New on DVD: Sukiyaki Western Django


The spaghetti western has gone East like never before. The gunslingers pack a six-shooter next to their samurai swords and dress like glam-rockers gone back to reclaim the duster.

The movie is Sukiyaki Western Django and it is a Japanese western from cult-cinema bad-boy Takashi Miike. The cast is Japanese but the dialogue is English and the actors deliver the lines phonetically. Nonetheless, their articulation of lines like “Are you gonna come at me or whistle Dixie?” are reminiscent of the popular genre of post-dubbed Asian fight films. Miike’s ever-expanding Western fan base will appreciate the language change, as it allows audiences to focus on Miike’s style rather than suffer the distraction of reading subtitles.

The Genji Whites and the Heike Reds have been enemies for centuries, so the fact they have chosen to occupy the same town in hopes of finding a hidden treasure does not bode well for the townspeople. But through the efforts of a mysterious stranger, a hard-drinking matriarch, an injury-resistant sheriff and a widow turned whore, the town may once again breathe without fear.

Miike skilfully creates moments of hilarity with the noticeable use of painted backgrounds, exaggerated injuries and the recital of Shakespeare in between strategy planning. Furthermore, the ineptitude of both gangs is underscored by the accuracy and ability of the stranger and the Bloody Benten, “nicknamed double B for short.”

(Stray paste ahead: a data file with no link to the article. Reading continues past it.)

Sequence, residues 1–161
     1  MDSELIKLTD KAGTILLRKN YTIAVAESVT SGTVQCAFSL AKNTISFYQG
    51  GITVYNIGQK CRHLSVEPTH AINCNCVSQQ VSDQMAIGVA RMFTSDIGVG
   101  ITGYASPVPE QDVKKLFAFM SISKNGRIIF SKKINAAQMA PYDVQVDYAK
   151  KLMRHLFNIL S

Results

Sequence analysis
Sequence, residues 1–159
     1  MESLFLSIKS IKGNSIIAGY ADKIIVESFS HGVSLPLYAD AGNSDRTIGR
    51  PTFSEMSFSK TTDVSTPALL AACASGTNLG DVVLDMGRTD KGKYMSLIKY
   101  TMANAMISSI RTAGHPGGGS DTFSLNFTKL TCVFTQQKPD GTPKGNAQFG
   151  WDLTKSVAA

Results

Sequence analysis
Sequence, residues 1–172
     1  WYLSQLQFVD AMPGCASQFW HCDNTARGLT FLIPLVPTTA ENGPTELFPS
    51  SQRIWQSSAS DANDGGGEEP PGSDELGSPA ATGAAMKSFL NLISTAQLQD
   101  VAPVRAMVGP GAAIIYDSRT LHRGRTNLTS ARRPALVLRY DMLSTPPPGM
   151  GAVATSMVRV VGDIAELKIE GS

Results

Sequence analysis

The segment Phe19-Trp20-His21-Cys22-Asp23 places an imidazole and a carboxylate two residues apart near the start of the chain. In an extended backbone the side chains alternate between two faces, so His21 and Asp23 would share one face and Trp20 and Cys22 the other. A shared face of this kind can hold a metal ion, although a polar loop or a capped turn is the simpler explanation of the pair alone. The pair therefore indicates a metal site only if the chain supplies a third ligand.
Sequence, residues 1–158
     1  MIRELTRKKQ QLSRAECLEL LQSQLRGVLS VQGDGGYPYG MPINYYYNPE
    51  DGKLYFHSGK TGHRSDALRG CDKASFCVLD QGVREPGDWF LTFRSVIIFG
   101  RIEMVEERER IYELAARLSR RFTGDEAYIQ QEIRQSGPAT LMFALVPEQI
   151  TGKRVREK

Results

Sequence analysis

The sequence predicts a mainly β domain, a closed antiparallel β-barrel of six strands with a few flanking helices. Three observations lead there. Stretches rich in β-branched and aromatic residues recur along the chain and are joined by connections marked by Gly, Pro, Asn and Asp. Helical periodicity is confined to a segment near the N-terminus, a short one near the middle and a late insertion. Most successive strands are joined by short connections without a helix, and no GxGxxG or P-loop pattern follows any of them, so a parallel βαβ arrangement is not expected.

Miike creates a mishmash of Sergio Leone westerns and Sergio Corbucci surreal, bloody gunfights encompassed by an Americana-kabuki-baroque style. The result is non-stop entertainment.

For a foreign DVD release, the expanse of the special features is fairly wide. The “making of” featurette is in Japanese with English subtitles. It’s nearly an hour long and guided by a narrator. It introduces most of the actors, interviewing each regarding their role, as well as gaining Miike’s opinion on particular shooting topics. Telling the story through footage mostly captured on set, it features sections on the physical and weapon stunts, delivering lines in a foreign language, weather hardships and horseback riding. Ironically, though Quentin Tarantino’s cameo would be a big draw to North American audiences, his name is only mentioned once in passing in the featurette. There are seven-minutes of deleted scenes, although several of them lack set up shots so it is difficult to place them. They also add little to the feature narrative. A selection of eight clips is included, which to some extent summarizes a large portion of the film. Finally, of the two trailers, the longer one is cut together much better than the “theatrical” one.

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